As noted in previous Newsletter articles, a “no match letter” is one which is issued, usually by the Social Security Administration (SSA), to employers to inform them that a worker’s name and the social security number reported for them do not match. Obviously, there could be a variety of reasons for such a discrepancy. In certain cases, the “no match” could result from the fact that the worker in question is not legally authorized to work in the United States. New regulations issued by the Department of Homeland Security (DHS) would have, in effect, required employers to terminate all employees identified in “no match” letters who could not successfully resolve the discrepancy within a period of approximately 90 days after the employer’s receipt of the no match letter. However, a preliminary injunction against those regulations has been issued by the U.S. District Court for the Northern District of California and remains in effect.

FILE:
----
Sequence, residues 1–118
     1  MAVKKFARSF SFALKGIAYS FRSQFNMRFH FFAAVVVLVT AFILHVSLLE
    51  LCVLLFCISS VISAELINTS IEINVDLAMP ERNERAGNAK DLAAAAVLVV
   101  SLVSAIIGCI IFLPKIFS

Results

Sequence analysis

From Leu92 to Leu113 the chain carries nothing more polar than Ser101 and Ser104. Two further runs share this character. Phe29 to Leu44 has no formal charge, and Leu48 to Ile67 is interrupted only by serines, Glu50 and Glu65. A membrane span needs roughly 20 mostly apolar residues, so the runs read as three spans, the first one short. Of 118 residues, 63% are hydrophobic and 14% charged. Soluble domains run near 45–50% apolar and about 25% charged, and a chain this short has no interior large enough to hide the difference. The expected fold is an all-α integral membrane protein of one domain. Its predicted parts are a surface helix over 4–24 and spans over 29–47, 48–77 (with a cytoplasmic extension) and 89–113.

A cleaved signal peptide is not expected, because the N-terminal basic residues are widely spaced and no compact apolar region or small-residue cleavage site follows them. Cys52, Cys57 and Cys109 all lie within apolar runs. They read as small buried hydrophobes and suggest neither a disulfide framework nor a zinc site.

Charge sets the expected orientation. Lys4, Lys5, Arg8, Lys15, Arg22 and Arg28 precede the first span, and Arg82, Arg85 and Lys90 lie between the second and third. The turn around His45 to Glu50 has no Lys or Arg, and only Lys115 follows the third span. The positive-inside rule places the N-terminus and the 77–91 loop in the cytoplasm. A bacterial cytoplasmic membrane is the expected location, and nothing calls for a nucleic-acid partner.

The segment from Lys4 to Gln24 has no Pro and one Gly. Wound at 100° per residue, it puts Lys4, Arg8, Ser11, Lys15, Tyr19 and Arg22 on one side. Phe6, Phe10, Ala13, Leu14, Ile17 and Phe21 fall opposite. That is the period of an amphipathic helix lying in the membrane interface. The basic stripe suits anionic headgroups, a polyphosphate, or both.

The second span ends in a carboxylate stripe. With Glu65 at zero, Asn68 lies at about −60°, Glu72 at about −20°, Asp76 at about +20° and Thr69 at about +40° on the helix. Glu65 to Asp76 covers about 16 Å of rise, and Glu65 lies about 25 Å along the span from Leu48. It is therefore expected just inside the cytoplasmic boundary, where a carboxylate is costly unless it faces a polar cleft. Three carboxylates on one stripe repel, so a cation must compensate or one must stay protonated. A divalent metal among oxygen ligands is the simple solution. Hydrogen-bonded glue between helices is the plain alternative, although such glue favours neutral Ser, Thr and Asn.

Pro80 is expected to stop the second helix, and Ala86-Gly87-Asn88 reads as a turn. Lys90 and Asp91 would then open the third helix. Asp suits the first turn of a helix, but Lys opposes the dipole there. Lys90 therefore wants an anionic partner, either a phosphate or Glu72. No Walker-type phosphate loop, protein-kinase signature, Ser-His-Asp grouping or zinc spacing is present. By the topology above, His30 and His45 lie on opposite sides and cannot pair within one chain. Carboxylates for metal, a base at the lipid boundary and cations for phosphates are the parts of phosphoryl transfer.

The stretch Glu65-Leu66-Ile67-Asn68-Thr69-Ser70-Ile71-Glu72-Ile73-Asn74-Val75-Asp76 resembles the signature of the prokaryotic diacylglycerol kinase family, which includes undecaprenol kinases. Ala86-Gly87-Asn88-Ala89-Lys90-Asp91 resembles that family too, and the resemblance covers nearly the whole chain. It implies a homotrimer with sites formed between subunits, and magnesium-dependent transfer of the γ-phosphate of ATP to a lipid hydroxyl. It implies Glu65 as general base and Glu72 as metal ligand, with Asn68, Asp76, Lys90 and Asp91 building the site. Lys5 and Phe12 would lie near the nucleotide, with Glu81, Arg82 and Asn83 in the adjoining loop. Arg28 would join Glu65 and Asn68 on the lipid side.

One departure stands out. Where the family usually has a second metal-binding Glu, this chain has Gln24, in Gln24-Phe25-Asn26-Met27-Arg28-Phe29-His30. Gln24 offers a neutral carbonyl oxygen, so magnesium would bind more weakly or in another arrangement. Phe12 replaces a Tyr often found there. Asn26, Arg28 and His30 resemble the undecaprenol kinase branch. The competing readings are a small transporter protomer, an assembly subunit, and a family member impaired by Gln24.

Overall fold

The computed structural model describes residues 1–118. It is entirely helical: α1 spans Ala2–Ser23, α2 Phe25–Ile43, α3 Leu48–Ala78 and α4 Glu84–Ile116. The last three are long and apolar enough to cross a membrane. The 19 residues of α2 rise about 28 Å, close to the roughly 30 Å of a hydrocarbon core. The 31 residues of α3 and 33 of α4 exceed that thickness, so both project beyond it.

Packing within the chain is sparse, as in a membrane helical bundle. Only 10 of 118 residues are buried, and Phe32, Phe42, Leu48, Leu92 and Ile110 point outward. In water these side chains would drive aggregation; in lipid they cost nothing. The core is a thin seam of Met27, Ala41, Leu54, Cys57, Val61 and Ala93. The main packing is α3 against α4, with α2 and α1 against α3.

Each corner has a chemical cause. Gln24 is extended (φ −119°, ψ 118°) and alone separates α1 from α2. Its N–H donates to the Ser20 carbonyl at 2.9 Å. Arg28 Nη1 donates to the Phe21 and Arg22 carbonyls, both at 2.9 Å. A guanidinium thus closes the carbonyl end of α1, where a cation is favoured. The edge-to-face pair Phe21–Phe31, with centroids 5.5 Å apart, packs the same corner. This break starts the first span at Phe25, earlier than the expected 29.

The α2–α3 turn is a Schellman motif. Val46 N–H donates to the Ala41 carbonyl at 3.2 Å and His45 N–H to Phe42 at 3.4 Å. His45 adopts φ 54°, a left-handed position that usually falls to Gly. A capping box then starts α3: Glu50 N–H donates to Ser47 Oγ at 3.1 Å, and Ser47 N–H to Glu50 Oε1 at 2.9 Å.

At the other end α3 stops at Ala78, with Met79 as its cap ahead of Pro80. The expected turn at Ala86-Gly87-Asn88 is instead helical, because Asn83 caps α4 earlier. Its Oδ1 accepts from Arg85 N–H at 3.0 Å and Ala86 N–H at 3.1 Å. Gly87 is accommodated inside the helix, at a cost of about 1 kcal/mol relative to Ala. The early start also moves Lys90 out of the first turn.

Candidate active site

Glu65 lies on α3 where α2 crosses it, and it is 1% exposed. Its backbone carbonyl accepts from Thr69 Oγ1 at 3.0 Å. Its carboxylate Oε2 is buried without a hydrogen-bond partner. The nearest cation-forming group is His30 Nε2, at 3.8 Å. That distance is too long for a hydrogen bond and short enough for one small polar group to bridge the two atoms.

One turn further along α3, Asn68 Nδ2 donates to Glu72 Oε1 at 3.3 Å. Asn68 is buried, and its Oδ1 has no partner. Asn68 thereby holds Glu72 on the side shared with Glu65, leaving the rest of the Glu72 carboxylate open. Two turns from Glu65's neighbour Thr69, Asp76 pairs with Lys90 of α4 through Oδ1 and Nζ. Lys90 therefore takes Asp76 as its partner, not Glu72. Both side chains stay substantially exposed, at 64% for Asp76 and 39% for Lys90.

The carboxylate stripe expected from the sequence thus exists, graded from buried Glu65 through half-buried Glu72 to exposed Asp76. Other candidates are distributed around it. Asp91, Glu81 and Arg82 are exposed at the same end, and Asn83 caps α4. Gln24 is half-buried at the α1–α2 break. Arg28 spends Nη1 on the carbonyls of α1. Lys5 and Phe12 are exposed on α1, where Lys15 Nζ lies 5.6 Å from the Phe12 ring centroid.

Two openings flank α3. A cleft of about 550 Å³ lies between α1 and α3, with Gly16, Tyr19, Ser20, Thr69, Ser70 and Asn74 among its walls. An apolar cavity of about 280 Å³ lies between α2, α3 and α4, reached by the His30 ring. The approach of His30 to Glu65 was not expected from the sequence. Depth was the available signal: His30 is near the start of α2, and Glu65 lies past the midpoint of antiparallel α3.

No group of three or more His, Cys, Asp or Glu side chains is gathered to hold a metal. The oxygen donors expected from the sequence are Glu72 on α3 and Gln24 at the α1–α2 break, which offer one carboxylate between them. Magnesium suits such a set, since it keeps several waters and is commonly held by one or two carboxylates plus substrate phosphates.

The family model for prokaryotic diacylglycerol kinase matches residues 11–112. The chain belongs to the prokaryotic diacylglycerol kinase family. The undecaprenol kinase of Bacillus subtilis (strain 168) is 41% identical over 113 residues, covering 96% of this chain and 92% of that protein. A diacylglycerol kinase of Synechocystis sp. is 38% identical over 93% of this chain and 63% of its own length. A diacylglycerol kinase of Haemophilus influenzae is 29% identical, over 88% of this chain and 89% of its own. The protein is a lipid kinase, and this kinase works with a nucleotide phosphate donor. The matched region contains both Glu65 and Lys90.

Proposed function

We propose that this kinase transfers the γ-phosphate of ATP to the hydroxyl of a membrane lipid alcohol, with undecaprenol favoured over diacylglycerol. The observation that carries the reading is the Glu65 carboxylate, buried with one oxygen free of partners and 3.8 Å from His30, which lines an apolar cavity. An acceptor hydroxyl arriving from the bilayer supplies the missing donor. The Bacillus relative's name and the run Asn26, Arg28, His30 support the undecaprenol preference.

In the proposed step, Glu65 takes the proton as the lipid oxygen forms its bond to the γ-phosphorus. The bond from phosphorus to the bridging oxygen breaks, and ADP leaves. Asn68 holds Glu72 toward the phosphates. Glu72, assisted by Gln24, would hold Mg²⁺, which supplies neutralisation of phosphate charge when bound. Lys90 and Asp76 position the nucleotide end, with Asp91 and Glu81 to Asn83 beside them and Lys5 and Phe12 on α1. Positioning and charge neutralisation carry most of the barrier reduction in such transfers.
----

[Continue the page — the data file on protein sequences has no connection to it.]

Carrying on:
A spokesman for the SSA recently announced that, given the issuance of the injunction against the no match regulations, it did not have time to revise and send new versions of no match letters which would not have language required by the enjoined regulations and, accordingly, the SSA is temporarily suspending their use.
Previously, the SSA had estimated that it would send out approximately 140,000 letters to employers based upon Social Security reports from 2006. Instead, the decision was made to suspend that mailing and to concentrate on revising the letter. It is expected that the use of the no match letters will resume sometime in April 2008 based upon payroll reports filed in 2007